Petteri Orpo, chairman of the National League Party: “I would tell them that their personal matters are going to be investigated individually, are they in need for asylum . . . do they need protection or not? The [asylum seeking] process is going to be processed as fast as possible and even faster in the future. Then, as long as one stays in Finland, one is going to live according to Finnish law and customs.”
Swedish People’s Party chairwoman Anna-Maja Henriksson, NCP chairman Petteri Orpo and SDP chairman Antti Rinne. Picture: Tony Öhberg for Finland Today
Antti Rinne, chairman of the Social Democratic Party: “If they have the right for asylum, one needs to learn Finnish fast, one must also understand how the Finnish society works, nobody is to be touched without permission and everybody follows the law—both Finns and the people who arrive here.”
Juha Sipilä, prime minister and chairman of the Centre Party: “At first, I would say that in Finland we live according to the Finnish customs and laws and one should learn these as the first thing. Learning a language is important. I would wish that those who don’t receive an asylum would leave the country voluntarily.
Sampo Terho, chairman of the Blue Reform Party: “I would say that one should live in a country according to its customs. And if the country’s culture and way of living are somehow intolerable, then you have sought asylum from the wrong country. If one gets an asylum, learn Finnish and get a job.”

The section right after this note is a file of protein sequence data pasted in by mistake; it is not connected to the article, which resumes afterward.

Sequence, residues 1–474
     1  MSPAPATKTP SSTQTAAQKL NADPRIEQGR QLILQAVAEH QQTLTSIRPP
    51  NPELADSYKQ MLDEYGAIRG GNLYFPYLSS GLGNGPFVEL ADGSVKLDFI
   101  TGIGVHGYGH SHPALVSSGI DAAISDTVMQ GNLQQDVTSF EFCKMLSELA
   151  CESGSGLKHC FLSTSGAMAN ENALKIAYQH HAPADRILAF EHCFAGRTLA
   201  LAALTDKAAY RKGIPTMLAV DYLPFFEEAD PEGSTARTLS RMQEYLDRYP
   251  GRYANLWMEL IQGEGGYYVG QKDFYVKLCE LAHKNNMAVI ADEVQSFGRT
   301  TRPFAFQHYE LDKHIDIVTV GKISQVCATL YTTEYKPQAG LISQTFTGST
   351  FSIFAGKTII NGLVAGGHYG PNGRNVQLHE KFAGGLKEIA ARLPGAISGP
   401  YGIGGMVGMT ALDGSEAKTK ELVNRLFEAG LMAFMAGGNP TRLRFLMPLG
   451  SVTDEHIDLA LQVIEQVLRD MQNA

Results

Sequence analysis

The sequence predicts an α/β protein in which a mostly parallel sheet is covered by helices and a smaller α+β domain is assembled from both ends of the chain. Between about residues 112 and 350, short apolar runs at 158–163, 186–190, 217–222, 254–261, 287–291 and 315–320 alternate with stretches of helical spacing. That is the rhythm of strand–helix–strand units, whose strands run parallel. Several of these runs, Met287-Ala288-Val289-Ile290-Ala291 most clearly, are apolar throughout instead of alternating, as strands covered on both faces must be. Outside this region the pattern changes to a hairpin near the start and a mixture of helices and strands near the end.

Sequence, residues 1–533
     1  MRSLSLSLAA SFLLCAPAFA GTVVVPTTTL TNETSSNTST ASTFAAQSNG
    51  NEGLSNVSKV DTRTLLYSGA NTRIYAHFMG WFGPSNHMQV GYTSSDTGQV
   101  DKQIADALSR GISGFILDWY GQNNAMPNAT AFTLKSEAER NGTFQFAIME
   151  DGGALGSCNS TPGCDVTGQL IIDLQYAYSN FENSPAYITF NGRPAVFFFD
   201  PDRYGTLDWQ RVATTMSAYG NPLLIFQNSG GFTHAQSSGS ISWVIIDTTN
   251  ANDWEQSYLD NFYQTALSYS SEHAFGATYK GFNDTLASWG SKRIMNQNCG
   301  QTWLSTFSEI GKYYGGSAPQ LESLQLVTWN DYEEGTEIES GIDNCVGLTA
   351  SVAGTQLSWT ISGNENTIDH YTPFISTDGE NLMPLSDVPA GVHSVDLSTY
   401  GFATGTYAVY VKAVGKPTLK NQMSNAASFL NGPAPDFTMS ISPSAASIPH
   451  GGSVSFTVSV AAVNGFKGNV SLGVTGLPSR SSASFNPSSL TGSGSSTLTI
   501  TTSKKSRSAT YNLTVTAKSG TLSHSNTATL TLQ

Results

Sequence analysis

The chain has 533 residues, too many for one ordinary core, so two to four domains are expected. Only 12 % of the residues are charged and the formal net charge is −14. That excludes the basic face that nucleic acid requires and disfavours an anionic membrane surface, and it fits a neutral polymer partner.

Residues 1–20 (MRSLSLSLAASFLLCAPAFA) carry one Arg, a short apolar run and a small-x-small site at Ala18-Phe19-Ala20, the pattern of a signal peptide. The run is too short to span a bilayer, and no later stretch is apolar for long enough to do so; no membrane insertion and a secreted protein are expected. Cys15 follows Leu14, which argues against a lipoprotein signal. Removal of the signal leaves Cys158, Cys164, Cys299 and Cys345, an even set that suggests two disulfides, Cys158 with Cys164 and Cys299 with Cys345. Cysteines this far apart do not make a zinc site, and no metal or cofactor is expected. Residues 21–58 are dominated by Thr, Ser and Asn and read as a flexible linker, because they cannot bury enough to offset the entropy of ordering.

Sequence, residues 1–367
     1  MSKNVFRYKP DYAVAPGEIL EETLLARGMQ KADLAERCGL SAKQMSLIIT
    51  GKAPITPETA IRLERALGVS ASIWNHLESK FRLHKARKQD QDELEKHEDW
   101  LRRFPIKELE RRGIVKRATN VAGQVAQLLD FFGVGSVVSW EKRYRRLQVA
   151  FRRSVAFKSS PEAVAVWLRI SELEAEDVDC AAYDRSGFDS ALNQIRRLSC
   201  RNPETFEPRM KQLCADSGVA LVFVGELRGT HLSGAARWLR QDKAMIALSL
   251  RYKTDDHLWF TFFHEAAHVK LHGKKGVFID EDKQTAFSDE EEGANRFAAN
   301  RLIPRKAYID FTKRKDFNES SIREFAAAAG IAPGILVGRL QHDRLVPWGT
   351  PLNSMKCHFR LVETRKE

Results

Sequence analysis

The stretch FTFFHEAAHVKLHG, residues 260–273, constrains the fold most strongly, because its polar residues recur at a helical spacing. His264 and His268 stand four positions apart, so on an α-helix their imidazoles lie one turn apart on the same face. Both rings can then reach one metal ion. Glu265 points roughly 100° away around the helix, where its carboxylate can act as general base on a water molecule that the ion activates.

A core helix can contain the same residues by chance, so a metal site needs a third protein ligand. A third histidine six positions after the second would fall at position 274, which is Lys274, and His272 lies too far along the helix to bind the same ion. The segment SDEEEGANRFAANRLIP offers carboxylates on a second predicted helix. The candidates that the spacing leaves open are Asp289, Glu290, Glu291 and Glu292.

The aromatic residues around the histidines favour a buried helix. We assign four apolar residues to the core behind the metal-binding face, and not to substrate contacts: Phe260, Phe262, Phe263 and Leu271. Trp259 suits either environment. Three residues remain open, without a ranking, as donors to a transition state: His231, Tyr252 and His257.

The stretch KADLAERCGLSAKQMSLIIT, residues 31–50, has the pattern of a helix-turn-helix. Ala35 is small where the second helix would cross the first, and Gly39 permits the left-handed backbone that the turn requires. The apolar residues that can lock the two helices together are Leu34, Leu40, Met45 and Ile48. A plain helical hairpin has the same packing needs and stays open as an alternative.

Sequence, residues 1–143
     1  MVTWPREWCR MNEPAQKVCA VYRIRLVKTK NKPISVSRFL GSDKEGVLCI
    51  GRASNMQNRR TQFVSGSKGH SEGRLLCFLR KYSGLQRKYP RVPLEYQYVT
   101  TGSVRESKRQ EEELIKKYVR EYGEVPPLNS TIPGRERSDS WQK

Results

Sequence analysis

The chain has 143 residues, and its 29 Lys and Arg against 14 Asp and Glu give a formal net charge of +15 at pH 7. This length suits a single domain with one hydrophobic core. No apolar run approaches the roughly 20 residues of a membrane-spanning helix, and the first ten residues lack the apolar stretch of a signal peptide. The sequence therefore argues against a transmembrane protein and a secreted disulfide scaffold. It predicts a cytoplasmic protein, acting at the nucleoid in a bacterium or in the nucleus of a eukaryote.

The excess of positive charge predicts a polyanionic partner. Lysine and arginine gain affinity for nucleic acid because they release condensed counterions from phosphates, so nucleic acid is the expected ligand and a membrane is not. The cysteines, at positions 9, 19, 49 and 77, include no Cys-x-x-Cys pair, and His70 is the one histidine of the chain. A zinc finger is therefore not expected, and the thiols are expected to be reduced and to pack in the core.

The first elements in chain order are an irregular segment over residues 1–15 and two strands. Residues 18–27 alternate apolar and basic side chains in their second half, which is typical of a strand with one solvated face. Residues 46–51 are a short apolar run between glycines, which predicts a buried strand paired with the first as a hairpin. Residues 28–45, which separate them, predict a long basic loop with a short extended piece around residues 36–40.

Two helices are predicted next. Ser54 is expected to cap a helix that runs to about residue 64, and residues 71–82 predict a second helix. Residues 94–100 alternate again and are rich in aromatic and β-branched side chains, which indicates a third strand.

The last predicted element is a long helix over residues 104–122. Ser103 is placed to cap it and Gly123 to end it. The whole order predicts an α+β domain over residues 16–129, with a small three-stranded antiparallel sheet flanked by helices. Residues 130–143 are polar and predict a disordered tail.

Paavo Väyrynen, chairman of the Seven Star Movement:
Väyrynen said that instead of pondering the immigration question in this form, he would have asked why Finland has practiced reckless immigration politics. “Who is responsible for that?” he asked and continued, “Every Party is responsible what has been happening in Finland since 2015. But what would I say [at the reception center to asylum seekers]? I would say something similar to what Halla-aho said but in a more civilized way.”
Li Andersson, chairwoman of the Left Alliance. Picture: Tony Öhberg for Finland Today
Li Andersson, chairwoman of the Left Alliance, got the final word:
“I was two years ago asked to speak in a Christmas celebration for refugees. They couldn’t believe that a person of my age who looks like this and arrives with a backpack without security is a Member of the Parliament. During the same occasion, I had the opportunity to explain how the Finnish democracy and social order works and about the Finnish equality that currently allows a person of my age that looks like this to not only be an MP but also the party leader. I would probably explain similar matters if I would receive a chance to go to speak [in a reception center].”
Based on the latest polls, the Social Democratic Party (SDP) is projected to win with a comfortable margin, but it is less clear if it would be able to form a strong left-wing coalition with the Green League, the Left Alliance and the Swedish People’s Party, or if it would instead have to look across the aisle for support.
Finland’s parliamentary elections are held on Sunday, April 14.